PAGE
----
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192 pages, 285 x 210 mm, c. 70 colour plates and 30 b&w photos

9781877058684, $39.95, Hardcover

Philip A. Clarke

Available: Out of Stock

This book explores the impact of indigenous people upon the European discovery of Australian plants, spanning the period from the expansion of world exploration in the seventeenth century to the beginning of systematic scientific studies in the late nineteenth century. Explorers were amazed at the unique plants and animals they encountered in the 'Great Southern Land'. This land of gum trees and kangaroos became known as New Holland, then later as Australia. Back in Europe, scholars craved for exotic specimens to challenge the ways in which they, as scientists, ordered the natural world. An imperative for British colonists was to discover and secure natural resources of economic benefit to the Empire. It was hoped that in colonies, such as New South Wales, there might be plants that would come to rival crops like maize, potato and tobacco, gained from the Americas. Observations of Australian Aboriginal hunting and gathering practices provided Europeans with important clues concerning the productivity of the land. As a settler society, British colonists tried many of the plants that Aboriginal hunter-gatherers had utilised for thousands of years. The adoption of Aboriginal plant uses general occurred in times of hardship.

British colonists who came in 1788 to establish themselves in the 'new' country of Australia found indigenous land 'owners' to be both a physical threat and an important source of information about the environment. Europeans investigating Australian plants on the expanding frontier of settlement were impelled to engage with indigenous people who were being progressively dispossessed of their land.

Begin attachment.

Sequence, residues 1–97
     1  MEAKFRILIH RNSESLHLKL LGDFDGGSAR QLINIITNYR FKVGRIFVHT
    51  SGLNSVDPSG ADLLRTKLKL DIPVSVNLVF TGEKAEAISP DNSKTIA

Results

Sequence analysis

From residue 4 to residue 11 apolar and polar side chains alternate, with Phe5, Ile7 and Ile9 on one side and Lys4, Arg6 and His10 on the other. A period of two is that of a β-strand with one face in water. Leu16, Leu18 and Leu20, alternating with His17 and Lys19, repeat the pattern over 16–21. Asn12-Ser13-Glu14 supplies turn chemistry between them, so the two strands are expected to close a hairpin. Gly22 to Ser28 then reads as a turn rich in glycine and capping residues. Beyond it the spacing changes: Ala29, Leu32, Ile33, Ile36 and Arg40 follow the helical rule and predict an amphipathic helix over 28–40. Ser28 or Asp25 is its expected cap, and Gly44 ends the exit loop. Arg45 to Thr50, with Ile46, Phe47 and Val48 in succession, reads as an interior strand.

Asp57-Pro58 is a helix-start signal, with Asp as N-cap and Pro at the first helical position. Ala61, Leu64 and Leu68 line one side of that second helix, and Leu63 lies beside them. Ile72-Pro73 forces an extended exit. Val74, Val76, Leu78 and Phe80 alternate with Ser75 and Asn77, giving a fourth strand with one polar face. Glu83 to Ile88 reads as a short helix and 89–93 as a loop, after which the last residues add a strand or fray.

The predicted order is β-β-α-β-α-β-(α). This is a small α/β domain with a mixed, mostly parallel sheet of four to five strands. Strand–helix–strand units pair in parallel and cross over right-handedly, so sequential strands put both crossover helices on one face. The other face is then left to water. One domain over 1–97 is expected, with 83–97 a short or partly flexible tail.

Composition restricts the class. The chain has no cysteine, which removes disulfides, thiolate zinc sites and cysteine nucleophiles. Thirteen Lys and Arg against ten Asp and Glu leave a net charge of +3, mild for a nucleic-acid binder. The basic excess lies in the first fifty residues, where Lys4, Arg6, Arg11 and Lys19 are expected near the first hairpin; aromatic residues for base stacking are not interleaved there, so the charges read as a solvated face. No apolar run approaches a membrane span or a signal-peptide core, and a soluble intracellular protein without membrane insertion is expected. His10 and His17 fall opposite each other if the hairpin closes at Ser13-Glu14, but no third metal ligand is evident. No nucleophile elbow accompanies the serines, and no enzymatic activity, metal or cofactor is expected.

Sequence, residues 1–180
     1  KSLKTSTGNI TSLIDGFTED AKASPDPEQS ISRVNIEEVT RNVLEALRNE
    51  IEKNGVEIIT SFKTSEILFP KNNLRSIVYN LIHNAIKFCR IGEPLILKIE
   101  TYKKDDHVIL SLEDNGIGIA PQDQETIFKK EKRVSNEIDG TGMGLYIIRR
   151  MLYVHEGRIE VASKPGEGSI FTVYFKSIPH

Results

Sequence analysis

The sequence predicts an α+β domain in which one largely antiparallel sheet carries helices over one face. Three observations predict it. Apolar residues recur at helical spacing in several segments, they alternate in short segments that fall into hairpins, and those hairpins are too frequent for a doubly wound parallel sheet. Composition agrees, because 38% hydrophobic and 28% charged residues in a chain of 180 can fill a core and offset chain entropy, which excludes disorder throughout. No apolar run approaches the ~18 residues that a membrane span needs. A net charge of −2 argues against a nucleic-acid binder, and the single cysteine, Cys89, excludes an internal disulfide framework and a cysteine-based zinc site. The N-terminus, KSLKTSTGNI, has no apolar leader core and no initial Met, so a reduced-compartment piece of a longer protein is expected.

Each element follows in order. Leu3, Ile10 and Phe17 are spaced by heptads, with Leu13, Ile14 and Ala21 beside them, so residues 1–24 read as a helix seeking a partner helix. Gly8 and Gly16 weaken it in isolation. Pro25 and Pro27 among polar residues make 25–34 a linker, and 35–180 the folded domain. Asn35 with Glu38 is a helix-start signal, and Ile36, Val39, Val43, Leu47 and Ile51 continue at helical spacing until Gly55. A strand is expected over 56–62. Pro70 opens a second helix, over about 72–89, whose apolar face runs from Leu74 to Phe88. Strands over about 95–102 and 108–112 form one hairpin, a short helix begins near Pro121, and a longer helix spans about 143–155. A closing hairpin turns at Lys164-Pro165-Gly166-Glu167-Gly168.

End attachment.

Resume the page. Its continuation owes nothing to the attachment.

Throughout the nineteenth century, professional plant hunters sent out from Europe were on the frontline of the scientific and horticultural discovery of the world's flora. Many of them were explorers in their own right. Plant hunters were a hardy breed of men primarily employed to make collections of dried and living plants in the fledging colonies and to send them back to Europe. They went on expeditions into the vast unknown, where they encountered indigenous peoples who had little or no direct prior experience with Europeans. Plant hunters led exciting but dangerous lives on the fringes of the empire, a few of them dying while field collecting. Rather than being university-based scholars, most were trained in the more practical field of horticulture. In addition to the professional plant hunters, a broad spectrum of settlers also became involved with the collecting of Australian plants. Most collectors, whether professional or amateur, worked under the direction of botanists and merchants back in Europe.

Aboriginal guides accompanied plant collectors into the field. By their hand came many of the plants that were pressed and dried as herbaria specimens. As hunter-gatherers, they had bush skills that were derived from their extensive environmental knowledge and first hand experience of the Australian flora. In the published accounts of the colonial period, indigenous people working with European explorers and plant collectors have too often been portrayed as silent partners. In order to readdress this imbalance, the present work investigates the role of particular Aboriginal groups and individuals in the botanical discovery of Australia.

The bulk of this book is a detailed description of the interaction between particular plant collectors and Aboriginal people through the nineteenth century. There are chapters on the work of George Caley, Allan Cunningham, Von Mueller and the resident plant collectors in WA, SA and Tasmania. There are chapters on the inland explorers Leichhardt, Burke and Wills.

ISBN 9781877058684, $39.95 hardcover, May 2008